Then the channels of the sea were seen, and the foundations of the world were laid bare at your rebuke, O Lord, at the blast of the breath of your nostrils.
(Psalms 18:15) ESV
It’s very important to understand nuance. It’s what we may call having discernment. Two similar phrases my mean different things because they have different tense or depending on if they are singular or plural.
The foundation of the world, for instance, when it’s singular and translated from Greek refers to the act of conception by which God the son was begotten. This explains the context of the phrase slain from the foundation of the world.
The foundation(s) of the world, in contrast, when it’s plural and translated from Hebrew refers to the crust and mantle of planet Earth.
There’s a clear difference between the Hebrew erets (earth), and tebel (world). In the passage from Psalms above The foundations of the world (tebel) refers to the crust and mantle which were exposed as the ocean floor.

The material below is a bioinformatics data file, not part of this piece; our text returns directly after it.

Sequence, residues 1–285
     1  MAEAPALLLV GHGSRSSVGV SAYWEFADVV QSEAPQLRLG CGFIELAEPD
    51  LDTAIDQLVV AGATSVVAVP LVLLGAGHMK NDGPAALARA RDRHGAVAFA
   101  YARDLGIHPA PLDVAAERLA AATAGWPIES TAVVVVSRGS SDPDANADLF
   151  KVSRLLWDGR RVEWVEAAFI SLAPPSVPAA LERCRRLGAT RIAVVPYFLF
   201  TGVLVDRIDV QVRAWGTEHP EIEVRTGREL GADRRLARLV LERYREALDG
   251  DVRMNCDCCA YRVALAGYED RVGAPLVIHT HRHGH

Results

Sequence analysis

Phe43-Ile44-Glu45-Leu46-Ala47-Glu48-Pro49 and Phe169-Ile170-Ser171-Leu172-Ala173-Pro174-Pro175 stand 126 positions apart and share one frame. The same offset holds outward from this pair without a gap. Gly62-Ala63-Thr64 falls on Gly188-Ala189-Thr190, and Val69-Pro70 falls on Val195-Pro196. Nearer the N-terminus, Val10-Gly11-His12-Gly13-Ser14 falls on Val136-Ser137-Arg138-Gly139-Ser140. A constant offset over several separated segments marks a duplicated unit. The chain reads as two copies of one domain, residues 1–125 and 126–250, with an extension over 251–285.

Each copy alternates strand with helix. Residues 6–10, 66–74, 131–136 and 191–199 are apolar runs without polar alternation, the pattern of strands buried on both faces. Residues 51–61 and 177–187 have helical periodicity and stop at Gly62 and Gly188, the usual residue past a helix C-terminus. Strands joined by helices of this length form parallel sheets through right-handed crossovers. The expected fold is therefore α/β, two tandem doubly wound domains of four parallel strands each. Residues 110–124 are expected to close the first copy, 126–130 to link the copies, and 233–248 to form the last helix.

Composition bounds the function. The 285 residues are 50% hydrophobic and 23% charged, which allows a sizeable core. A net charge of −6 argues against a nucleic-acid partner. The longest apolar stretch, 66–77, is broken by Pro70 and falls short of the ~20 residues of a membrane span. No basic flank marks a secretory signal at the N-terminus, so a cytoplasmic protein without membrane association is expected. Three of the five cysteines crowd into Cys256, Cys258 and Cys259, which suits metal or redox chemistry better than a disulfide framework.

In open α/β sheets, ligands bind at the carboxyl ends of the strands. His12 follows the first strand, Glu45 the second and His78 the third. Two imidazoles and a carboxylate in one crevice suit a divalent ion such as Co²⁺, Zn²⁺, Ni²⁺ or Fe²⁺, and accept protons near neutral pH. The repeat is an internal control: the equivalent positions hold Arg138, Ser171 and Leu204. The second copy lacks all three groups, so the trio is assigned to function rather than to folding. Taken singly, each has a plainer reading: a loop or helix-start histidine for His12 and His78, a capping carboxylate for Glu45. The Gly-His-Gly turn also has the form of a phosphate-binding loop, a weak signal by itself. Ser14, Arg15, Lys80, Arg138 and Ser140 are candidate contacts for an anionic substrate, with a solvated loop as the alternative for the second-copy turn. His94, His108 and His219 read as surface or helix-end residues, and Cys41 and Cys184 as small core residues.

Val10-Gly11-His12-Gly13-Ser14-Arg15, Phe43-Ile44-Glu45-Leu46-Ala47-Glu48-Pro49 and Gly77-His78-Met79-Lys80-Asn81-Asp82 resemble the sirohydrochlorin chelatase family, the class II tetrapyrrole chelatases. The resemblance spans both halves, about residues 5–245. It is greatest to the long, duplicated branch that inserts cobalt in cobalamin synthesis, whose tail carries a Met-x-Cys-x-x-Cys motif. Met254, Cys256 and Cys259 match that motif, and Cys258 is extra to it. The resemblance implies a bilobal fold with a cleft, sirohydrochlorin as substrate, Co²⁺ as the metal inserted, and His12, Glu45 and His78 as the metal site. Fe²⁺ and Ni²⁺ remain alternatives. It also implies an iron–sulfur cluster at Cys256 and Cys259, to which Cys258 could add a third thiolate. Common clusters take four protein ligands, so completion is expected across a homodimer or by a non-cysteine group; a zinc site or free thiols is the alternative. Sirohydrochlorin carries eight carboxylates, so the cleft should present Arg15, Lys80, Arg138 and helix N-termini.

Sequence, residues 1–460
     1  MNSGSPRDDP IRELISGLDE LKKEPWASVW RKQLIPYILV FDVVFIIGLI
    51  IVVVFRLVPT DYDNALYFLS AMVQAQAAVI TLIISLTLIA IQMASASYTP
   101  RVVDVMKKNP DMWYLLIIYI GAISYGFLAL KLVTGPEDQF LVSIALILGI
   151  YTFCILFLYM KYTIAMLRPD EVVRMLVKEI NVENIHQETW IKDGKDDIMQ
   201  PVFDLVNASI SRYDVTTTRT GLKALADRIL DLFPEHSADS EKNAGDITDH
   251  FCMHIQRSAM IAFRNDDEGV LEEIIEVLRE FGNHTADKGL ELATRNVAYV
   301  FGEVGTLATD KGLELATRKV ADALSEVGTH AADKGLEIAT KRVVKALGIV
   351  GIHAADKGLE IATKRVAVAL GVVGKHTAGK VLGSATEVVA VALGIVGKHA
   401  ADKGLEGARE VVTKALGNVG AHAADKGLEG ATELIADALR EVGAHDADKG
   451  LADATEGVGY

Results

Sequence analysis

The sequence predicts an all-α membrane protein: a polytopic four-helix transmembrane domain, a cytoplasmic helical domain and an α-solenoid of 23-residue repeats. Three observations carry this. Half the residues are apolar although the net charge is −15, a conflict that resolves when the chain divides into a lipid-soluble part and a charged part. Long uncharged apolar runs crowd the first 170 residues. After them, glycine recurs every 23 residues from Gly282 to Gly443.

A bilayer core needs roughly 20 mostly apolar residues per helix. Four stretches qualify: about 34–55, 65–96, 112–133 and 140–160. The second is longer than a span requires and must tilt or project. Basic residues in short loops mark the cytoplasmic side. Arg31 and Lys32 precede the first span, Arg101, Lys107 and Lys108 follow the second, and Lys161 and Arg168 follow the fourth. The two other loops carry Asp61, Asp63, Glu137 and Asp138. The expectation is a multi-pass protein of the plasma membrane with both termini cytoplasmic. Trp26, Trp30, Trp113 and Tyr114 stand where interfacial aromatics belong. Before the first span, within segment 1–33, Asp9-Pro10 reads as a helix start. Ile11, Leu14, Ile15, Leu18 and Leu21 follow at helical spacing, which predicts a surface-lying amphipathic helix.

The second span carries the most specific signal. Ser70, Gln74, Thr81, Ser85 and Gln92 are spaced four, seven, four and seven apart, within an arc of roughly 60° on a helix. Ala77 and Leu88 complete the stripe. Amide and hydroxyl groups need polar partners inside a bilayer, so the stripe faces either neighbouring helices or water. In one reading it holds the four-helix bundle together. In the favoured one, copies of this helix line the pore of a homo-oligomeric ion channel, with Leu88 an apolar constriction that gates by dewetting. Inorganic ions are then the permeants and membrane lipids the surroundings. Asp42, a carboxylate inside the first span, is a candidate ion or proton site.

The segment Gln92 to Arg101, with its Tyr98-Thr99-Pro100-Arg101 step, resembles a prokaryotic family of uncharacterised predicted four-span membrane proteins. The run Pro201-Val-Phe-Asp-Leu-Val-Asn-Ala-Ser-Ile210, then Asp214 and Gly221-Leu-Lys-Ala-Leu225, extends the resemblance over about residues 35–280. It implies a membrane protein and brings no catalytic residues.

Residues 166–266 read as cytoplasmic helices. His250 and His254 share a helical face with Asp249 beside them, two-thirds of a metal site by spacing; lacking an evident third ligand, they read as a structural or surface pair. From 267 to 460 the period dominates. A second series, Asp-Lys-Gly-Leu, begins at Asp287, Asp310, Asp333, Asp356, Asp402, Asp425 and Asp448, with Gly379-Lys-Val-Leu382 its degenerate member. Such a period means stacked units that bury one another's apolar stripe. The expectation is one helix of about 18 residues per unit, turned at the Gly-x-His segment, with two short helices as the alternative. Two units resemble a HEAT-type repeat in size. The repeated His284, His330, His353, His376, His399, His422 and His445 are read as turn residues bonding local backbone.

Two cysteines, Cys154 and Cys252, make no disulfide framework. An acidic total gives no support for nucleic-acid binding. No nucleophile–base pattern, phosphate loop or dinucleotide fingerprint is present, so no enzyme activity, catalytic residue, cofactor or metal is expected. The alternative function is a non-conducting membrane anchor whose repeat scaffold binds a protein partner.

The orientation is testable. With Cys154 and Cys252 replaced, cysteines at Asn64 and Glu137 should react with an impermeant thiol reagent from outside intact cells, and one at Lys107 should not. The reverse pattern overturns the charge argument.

And the channels of the sea appeared, the foundations of the world were discovered, at the rebuking of the LORD, at the blast of the breath of his nostrils.
(2 Samuel 22:16) KJV
The passage from the Psalms is a restatement of this verse from 2 Samuel. It’s an excerpt from a prayer that King David prayed after surviving a series of battles with his enemies. He was giving thanks to God for protection and deliverance. The prayer refers to miraculous acts of God which were taught as part of the history of the children of Israel. It’s a reference to parting the Red Sea when the Moses led the children of Israel out of Egypt.
This being the case, then the foundations of the world (tebel) was the exposed ocean floor that the children of Israel walked across to escape the Egyptian army. The foundation of the earth (erets) in our model is the core not the mantle. It’s below the lower mantle and separated from it by the great gulf.